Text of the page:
Nationals

Nationals

WASHINGTON — An interesting move happened pregame Friday: Kyle Barraclough, struggling reliever trying to get right in the minors, was brought back to the major leagues. Andrew Stevenson was sent back to the minors to make space. 

And, curious thing later Friday. Barraclough entered with the outcome in the balance. Two runners on base, Justin Turner at the plate, a crisp, engaging game between quality teams tied 1-1. 

Turner hit a three-run homer.

Again Friday, the state of the Nationals’ bullpen was exposed. Barraclough was back up and in the game because other bullpen members needed rest. But, he was also in the minor leagues because of his prior failings after being signed in the offseason to primarily handle the seventh inning. His ERA is a bedeviling 6.66. The work of the would-be setup men in the Nationals’ bullpen -- Barraclough and Trevor Rosenthal -- has been an abject failure. 

Barraclough pitched his way to a 2.70 ERA with Double-A Harrisburg after coming off the injured list. His velocity, which had dipped before he went on the 10-day injured list June 16 because of right radial nerve irritation, had returned. It spiked Friday when he entered the game to face Turner for the fourth time in his career. First pitch: 96 mph. Barraclough was hyped. His fastball averaged 93.4 mph this season. Next was a 94-mph fastball. Then, back up to 96 mph, but a ball, 2-1 count. A fourth fastball missed. Now, Turner is in a 3-1 count, he’s seen only fastballs up in the zone, and Barraclough is leveraged. Damage followed after a fifth fastball was well on the plate, up and a bit in, where Turner enjoys pitches.

 

“A lot of adrenaline,” Barraclough said of his night. “Something I haven't been used to for the last couple weeks [in the minor leagues]. Obviously the velo was up a little bit. Came in and saw that and been down there working really hard trying to get that back and back where it needs to be and then, it's just a matter of executing pitches. Miss up and in to a guy that likes the ball up there and obviously after the first couple pitches that I threw up there, he's just looking for it so I just got to execute better.”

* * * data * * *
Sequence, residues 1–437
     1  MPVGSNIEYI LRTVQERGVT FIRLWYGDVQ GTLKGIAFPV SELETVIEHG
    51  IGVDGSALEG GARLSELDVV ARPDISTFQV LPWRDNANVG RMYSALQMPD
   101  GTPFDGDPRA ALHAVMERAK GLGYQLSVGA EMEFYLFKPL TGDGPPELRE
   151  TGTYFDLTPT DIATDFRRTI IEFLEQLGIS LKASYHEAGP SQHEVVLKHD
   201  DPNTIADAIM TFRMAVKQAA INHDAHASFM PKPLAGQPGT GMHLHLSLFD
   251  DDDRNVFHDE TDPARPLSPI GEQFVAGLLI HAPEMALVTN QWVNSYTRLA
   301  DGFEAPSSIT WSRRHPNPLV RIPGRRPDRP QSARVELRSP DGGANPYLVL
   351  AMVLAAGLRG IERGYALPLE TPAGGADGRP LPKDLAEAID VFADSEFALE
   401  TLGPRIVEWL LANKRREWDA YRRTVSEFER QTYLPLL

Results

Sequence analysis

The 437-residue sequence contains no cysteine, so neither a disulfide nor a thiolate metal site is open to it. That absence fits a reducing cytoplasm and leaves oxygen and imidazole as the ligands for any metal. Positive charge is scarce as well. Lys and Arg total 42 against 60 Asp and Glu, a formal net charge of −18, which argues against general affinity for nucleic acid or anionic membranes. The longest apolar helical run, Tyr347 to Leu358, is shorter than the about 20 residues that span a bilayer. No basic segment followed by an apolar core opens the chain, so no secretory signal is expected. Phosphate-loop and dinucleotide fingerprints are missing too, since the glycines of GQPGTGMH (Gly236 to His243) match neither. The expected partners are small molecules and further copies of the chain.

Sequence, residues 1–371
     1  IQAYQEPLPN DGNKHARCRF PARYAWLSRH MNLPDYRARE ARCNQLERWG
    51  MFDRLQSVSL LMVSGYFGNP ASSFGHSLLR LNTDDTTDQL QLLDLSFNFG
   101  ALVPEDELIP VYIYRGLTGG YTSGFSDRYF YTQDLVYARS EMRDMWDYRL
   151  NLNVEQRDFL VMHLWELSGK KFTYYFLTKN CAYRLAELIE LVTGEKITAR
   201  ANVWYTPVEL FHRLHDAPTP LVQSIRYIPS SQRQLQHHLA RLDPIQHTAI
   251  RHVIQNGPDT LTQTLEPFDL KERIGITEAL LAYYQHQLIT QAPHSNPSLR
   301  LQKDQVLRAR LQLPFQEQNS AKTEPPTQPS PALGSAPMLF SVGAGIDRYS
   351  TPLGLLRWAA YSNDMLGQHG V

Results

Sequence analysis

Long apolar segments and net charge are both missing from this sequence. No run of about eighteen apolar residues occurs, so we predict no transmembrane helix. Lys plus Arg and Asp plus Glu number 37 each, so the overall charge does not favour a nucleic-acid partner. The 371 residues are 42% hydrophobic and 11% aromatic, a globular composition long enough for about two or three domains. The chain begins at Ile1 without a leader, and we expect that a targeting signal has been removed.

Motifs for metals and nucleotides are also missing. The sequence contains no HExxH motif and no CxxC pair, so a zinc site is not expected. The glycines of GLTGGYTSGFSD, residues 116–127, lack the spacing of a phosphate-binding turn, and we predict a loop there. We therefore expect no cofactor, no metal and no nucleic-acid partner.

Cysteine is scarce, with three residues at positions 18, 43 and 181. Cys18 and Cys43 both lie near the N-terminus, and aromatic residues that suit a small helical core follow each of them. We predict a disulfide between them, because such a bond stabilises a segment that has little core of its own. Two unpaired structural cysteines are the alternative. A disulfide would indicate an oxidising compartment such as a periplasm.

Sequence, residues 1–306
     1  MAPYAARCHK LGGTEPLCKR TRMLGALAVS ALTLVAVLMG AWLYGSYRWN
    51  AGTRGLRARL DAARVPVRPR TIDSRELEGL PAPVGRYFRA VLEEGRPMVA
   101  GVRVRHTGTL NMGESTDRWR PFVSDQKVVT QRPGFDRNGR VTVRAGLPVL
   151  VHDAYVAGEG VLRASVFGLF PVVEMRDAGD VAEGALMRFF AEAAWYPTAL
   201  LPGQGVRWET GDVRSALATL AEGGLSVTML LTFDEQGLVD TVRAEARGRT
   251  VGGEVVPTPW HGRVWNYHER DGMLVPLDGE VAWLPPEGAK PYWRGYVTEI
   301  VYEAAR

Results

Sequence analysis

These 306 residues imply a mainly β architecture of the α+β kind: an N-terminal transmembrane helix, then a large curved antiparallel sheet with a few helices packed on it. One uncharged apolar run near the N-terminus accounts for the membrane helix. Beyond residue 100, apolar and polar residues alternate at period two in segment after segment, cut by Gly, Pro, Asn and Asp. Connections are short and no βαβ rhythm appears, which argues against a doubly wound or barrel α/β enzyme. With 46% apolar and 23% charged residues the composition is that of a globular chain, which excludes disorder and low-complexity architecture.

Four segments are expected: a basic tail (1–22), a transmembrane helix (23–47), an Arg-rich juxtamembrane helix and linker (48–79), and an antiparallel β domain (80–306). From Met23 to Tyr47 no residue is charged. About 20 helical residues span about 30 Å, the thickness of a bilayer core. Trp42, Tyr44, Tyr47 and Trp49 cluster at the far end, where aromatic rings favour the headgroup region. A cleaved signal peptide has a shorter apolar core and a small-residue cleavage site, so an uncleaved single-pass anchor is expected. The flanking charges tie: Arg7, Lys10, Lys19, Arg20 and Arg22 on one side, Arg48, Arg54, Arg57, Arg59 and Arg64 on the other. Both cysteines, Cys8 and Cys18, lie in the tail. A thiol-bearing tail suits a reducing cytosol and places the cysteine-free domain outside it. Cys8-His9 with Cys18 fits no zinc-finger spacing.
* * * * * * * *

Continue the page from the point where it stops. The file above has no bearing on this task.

The question moving forward is what to do with Barraclough. The Nationals have sent him down, luckily having options on someone they thought would be a vital part of the bullpen. They gave him time to rest, rebuild and come back. But, it hasn’t worked. Short spells of success have been framed by multiple failings. Both his FIP and WHIP suggest his ERA is an accurate reflection of his actual work from the mound. So, what to do with him?

“I think at this point it’s a confidence issue,” Davey Martinez said. “He threw the ball by Turner at 96. And then all of a sudden he threw one to the backstop. I could see a little bit of hesitation. And then all of a sudden he couldn’t locate his fastball. That last pitch was up, but it was right down the middle. He’s just got to get confidence. He’s got to come back with confidence. Cause his velo was good. I thought he might throw a slider or two, but he stuck with the fastball. Just couldn’t get ahead.”

Why didn’t he throw a slider at all, a pitch he has been successful with in the past and is crucial to him getting outs.

“That might be something to look at because I’ve been working really hard down there getting my breaking ball back to being what it was a couple years ago and I've been really happy with the adjustments I’ve made and how it's been working down there,” Barraclough said. “It's just a matter of getting it up here with a different ball trying to get it to do all the things that it’s doing down there. Obviously the first part of that is throwing it. That's something that talking with [Kurt Suzuki] and Yan [Gomes] about moving forward; maybe mixing up the pitches a little more so those guys can’t just sit dead red.”

All of this checks a variety of boxes. The manager thinks his reliever has low confidence. The reliever thinks his pitch execution and selection was poor. The bottom line is this is not working, and has not since the season began. 

 

Washington also has little choice but to ride it out at least until July 31. If it finds bullpen help before the trade deadline, multiple changes can be made, and Barraclough may not last past them despite being inexpensive with future team control.

“I mean you just try and keep moving forward,” Barraclough said.

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